ACLU: The No-Fly List Needs Major Reform Before Stripping Americans of Freedoms
As the White House continues its crusade for gun control in response to the San Bernardino terror attacks, many on both sides of the political aisle are coming out against the "no fly, no buy" plan proposed by President Obama over the weekend. As a reminder:
Last night in a rare primetime address to the nation from the Oval Office, President Obama called on Congress to pass legislation stripping anyone, including American citizens, on the terrorism no-fly list of the ability to purchase a firearm in the United States. Sounds pretty reasonable right? Nobody wants terrorists to have easy access to guns and it certainly sounds bad when the argument is made that those currently on the terror watch list have the ability to do so. But here's the problem: The terror no-fly list is a mangled, bureaucratic mess of over 700,000 names. Yes, there are names on the list that are connected to terrorism, but nearly half of those names belong to people who have zero links to terrorist groups at all.
The NRA has come out strongly against Obama's proposal and is pushing back against the idea that if an individual has been placed on the U.S. government's no fly terror watch list, they should be stripped, without due process, of their constitutional right to purchase a firearm.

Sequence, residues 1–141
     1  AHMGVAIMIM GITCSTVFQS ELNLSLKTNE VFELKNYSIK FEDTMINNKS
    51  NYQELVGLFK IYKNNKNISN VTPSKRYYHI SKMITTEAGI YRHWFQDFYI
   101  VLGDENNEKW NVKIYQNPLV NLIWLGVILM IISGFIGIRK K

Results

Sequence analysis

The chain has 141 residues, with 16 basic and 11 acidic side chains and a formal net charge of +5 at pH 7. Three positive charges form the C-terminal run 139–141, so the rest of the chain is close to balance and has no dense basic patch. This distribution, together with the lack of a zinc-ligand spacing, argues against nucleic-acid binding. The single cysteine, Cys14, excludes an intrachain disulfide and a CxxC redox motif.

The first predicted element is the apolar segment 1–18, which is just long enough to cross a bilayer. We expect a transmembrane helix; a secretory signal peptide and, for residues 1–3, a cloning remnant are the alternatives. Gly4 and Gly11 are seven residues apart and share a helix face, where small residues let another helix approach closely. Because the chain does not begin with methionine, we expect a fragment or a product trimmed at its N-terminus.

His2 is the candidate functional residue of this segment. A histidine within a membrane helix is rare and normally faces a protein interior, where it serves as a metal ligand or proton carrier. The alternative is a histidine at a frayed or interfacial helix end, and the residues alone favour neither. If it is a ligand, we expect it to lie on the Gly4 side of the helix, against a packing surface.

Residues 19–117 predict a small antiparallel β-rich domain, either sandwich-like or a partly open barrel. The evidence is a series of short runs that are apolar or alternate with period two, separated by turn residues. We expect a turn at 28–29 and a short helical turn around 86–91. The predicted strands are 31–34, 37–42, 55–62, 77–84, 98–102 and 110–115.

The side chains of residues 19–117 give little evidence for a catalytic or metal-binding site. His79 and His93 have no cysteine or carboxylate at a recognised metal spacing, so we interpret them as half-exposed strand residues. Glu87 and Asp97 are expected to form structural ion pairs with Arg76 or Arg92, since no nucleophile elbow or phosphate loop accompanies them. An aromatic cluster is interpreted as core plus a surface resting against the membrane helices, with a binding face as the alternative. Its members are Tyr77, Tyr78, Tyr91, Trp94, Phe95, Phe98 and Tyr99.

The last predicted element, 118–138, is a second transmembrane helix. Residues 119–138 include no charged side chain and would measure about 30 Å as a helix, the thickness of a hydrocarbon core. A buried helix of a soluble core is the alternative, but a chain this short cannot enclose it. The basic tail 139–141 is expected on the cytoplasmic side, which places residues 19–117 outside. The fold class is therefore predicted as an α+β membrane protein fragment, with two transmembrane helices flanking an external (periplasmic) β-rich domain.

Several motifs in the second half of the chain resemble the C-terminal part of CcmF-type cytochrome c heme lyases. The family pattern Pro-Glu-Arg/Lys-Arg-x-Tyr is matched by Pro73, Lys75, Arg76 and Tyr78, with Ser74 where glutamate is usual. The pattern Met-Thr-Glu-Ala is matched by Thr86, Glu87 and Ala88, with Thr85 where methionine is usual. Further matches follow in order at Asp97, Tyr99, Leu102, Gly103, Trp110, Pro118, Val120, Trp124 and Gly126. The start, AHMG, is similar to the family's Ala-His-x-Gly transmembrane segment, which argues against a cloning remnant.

"The NRA does not want terrorists or dangerous people to have firearms, any suggestion otherwise is offensive and wrong. Under the current system, law enforcement is notified every time a person on the list attempts to purchase a firearm. Law Enforcement then makes a case by case decision on the appropriate follow-up for each circumstance," NRA Director of Public Affairs Jennifer Baker recently released in a statement. "The NRA's only objective is to ensure that Americans who are wrongly on the list are afforded their constitutional right to due process. It is appalling that anti-gun politicians are exploiting the Paris terrorist attacks to push their gun-control agenda and distract from President Obama’s failed foreign policy."
Now, the notoriously liberal ACLU is calling for detailed reform of the no-fly list before taking away rights from Americans.
We filed the suit in June 2010 on behalf of 10 U.S. citizens and permanent residents who the government banned from flying to or from the U.S. or over American airspace. (Three more people later joined the suit.) Our clients, among them four U.S. military veterans, were never told why they were on the list or given a reasonable opportunity to get off it. Some were stranded abroad, unable to come home. As one response to our lawsuit, the government began to allow Americans to fly home on a “one-time waiver,” with stringent security precautions.
There’s another important aspect to the government’s case at this stage. The government has emphasized that it is making predictive judgments that people like our clients — who have never been charged let alone convicted of a crime — might nevertheless pose a threat. That’s a perilous thing for it to do. As we’ve told the court based on evidence from experts, these kinds of predictions guarantee a high risk of error. If the government is going to predict that Americans pose a threat and blacklist them, that’s even more reason for the fundamental safeguards we seek.People in this country have due process rights. We want to see them respected.
The NRA, House Republicans and the ACLU agree: The current no-fly list is a broadly sweeping, bureaucratic, mangled mess that strips citizens with zero ties to terror groups of their freedoms and rights to due process. The "no fly, no buy" concept cannot be implemented without serious reforms.